Option 2– Do I keep going with the WiP, which I know has the same problem of at least one essentially reactive character,  the additional issue of not being clearly targetted to any line ( it’s feeling too sexy to be a Super, as the sex is the way into the relationship; yet not sexy enough to be a Blaze), and also conflict that just doesn’t feel strong enough to carry the story? I know the basic internal conflict can’t be right yet as I needed to add something new in- the heroine can’t have kids and the hero wants them- what I am doing is an old problem of combining lots of conflicts rather than one core conflict. I did think of one thing that would tie it all together for the heroine and make her key issue one of seeing herself as a defective woman so rejecting her femininity and any sort of traditionally female role. Lots of backstory in her family of origin that created this, topped off by her discovering a health issue aged sixteen that meant she would never menstruate and could not have a child. Needs to be worked out more. Her issue will be self-acceptance then. The hero needs more work too- his issue is more around being willing to roll with change, and the heroine is a change agent. It’s all a bit messy. Odd that when I started writing I thought I had a good clear-cut conflict- it just gets messier and messier- which tells me I don’t have it at all! I did have a good aha moment when I realised in my plan as it was I had the heroine’s resolution of her conflict looking like it came from an external event. I know now that it can’t- she has to decide to change. I want to keep the external event, but she needs to have already decided to change. All the external event does is delays her being able to tell the hero, and gives her more emotional grief and some deep regret- she’s ready to be with him, all her excuses have fallen away, and now not only can she not tell him, their chance of a future together might be gone. It feels kinda powerful that way. Almost will give a double black moment- it looks resolved, then this external event gets in the way. She needs to have made the decision to go to him, be feeling happy and relieved and as if it’s all going to work out before she hears about the external event that puts the hero in danger. Not sure if it will work like that (though now I think about it I do remember reading a Sarah Mayberry- Home for the Holidays- that had something similar) but it feels like it would.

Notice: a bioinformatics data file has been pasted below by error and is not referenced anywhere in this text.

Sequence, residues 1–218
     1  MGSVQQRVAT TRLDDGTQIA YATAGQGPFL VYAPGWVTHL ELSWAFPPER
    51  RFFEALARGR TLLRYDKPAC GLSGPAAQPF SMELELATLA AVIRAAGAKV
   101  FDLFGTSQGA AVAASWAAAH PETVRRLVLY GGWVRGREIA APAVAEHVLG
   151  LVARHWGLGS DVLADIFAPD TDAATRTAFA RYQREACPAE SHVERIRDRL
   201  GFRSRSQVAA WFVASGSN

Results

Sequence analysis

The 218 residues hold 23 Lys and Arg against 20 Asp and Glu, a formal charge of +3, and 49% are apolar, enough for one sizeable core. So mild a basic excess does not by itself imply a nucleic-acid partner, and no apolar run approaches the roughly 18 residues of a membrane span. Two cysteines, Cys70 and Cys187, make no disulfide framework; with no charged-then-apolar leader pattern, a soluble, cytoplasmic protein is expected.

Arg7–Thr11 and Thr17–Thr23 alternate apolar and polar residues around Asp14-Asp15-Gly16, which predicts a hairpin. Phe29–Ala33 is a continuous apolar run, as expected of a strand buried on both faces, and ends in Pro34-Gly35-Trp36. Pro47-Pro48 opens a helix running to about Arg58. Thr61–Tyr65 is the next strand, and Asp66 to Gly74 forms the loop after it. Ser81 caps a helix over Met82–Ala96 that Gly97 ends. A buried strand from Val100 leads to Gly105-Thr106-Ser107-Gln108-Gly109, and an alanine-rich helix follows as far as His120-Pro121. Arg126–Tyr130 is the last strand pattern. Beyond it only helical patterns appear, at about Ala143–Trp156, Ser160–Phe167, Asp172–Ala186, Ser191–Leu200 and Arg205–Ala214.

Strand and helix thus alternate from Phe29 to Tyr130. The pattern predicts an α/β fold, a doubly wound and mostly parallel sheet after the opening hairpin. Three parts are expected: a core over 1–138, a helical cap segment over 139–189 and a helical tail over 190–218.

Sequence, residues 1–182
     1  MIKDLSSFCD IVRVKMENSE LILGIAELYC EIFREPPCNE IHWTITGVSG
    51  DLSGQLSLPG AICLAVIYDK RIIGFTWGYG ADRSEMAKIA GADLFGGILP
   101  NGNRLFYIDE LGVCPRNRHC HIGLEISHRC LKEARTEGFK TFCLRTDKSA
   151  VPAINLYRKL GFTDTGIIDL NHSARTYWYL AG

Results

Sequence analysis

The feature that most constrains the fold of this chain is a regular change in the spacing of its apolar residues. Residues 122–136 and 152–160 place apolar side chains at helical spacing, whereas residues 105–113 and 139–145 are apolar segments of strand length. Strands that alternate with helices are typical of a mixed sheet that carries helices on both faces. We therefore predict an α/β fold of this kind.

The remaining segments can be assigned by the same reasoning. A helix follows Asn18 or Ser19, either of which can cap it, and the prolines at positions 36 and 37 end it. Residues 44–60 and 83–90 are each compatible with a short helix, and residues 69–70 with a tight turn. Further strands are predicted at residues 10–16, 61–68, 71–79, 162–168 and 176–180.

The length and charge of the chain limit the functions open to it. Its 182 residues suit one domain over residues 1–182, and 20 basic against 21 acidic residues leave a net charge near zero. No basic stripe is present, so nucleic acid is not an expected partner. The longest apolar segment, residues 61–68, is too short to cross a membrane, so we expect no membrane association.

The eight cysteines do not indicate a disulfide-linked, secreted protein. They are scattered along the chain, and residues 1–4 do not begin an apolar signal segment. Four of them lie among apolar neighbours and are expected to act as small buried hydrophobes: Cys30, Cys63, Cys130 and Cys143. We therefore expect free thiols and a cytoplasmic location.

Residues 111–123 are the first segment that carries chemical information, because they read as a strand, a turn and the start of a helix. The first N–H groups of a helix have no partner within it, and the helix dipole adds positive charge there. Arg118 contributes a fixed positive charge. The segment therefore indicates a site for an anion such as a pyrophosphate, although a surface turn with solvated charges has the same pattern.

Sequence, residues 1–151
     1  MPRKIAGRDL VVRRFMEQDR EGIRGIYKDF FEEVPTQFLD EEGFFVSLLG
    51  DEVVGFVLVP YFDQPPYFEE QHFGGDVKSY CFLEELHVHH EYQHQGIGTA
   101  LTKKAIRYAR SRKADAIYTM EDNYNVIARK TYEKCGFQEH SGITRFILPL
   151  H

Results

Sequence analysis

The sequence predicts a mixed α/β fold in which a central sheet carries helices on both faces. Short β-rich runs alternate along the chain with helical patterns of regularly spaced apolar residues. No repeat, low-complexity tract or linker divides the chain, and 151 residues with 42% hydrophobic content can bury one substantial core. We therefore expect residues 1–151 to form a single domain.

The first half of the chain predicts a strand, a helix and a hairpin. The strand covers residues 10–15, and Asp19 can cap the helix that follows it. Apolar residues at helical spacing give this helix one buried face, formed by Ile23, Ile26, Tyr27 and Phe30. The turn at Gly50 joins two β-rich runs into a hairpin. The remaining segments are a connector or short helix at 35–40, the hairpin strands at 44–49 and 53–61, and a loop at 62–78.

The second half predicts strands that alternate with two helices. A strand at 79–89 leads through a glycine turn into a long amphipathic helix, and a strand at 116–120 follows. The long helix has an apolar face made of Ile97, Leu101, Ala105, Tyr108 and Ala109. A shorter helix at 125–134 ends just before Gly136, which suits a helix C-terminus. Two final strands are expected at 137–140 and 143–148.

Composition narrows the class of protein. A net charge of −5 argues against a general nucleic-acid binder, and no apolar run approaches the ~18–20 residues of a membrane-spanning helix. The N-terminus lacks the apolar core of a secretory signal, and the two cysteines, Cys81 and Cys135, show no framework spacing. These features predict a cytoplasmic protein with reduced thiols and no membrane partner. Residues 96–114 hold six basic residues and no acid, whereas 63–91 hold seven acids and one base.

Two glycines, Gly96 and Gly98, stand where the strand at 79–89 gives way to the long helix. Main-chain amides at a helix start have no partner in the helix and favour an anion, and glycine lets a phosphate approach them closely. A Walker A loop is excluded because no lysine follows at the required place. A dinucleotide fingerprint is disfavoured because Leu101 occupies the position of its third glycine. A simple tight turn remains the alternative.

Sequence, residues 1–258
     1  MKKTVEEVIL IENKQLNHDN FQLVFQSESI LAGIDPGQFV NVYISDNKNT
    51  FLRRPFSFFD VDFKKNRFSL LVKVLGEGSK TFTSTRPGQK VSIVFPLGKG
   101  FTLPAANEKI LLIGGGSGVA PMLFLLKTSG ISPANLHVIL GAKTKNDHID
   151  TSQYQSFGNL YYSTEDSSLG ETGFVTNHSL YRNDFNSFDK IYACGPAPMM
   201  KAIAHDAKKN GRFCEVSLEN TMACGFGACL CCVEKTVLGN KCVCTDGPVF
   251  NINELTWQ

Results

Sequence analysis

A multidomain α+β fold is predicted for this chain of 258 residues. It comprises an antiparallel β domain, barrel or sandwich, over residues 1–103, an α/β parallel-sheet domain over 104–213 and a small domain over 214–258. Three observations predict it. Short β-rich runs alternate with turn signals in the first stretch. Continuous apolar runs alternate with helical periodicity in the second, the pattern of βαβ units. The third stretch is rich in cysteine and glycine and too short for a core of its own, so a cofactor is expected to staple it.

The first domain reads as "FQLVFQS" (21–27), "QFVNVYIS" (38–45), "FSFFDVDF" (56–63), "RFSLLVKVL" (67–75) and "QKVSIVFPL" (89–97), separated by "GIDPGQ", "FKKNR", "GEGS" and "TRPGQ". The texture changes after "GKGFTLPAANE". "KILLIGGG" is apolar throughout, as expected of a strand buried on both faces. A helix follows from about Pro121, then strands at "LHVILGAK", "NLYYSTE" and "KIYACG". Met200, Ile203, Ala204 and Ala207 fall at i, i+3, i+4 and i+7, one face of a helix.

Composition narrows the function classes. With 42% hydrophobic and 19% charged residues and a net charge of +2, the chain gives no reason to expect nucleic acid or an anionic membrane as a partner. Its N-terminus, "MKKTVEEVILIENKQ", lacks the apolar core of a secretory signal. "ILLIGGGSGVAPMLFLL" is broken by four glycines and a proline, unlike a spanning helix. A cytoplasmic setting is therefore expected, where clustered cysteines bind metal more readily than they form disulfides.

Option 3 -Do I start over and try to get it right from the start with the new story idea?  Build in strong organic conflict and goals that will drive the characters into action. Have both characters needing to change, and their impact on each other forcing that change. This new idea seems to offer that, good opposing goals, the hero and heroine both have much the same internal issue and need to change (both of them have their whole personal identity and self-esteem wrapped up in their work, and they both want the same external thing- to run her father’s hotel chain), but I can’t see what the resolution will be! Also, is that enough of a relationship block? Neither allow close relationships, neither want to fall in love or be in a committed relationship. I need to know more about why.